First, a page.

New analysis from Capital Economics has found that the average interest rate that households are paying - including households without mortgages - has barely budged since the Bank’s latest rate-hiking cycle began at the end of 2021.
Even though the Bank Rate has soared from near zero to 4.5 percent, the average household interest rate has increased by only 0.35 percentage points to 2.8 percent.
An increase in the Bank Rate always takes time to filter through to households. But Capital says this cycle has been different to previous ones, as a model based on past rate rises predicts that the average household interest rate would have risen to around 4.5 percent.
Some of that is due to the increased prevalence of fixed-rate mortgages. But Capital’s chief UK economist Paul Dales said that alone does not explain the difference.
“We always knew that the shift from variable rate mortgages to fixed rate mortgage since the Global Financial Crisis would mean that actual interest rates would rise slower than our model,” Dales said. “Even so, we have been surprised how little the effective interest rate has risen so far.”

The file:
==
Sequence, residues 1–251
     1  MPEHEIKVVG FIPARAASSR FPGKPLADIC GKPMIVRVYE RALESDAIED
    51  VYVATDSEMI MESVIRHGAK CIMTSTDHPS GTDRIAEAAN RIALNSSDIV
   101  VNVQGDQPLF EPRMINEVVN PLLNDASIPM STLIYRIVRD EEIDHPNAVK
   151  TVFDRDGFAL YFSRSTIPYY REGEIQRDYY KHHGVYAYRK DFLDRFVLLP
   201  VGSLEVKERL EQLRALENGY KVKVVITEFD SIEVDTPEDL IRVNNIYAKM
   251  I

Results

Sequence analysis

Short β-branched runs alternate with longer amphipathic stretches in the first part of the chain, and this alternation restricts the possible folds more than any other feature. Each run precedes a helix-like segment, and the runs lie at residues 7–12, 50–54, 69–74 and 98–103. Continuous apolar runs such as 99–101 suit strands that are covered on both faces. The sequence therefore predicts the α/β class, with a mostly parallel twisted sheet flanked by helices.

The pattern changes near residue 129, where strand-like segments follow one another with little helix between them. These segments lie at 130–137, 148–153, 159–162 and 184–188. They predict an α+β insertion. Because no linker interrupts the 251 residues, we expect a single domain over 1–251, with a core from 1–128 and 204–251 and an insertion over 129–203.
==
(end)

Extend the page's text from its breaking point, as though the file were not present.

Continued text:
Dales said the rate rises will still catch up to households; it’s just talking longer than it has before.
“Higher interest rates will soon bite harder,” he said. “Forecasters just need to wait for the effects to show up.”
Lenders across the market have repriced or withdrawn their mortgage products in recent weeks, after higher-than-expected inflation led to fears of more rate hikes. The average two-year fixed mortgage rate was 5.82% as of Thursday, but only around a third of mortgage-holders pay more than 3 percent at the moment.
When the ‘mortgage time bomb’ of expiring fixes goes off, that will all change.
The model predicts that the average household interest rate will peak at around 5.5 percent, based on the Bank hiking rates to 5.25 percent. If that’s the case, which would mean the average household’s interest payments would almost double.
Similarly, Dales said most of the impact of rate hikes on the UK’s GDP was still to come. He said that between 30 percent and 40 percent of the impact had come though, but close to two thirds of the impact could be on the way.
“That’s why we still think there will be a recession in the second half of this year,” he said.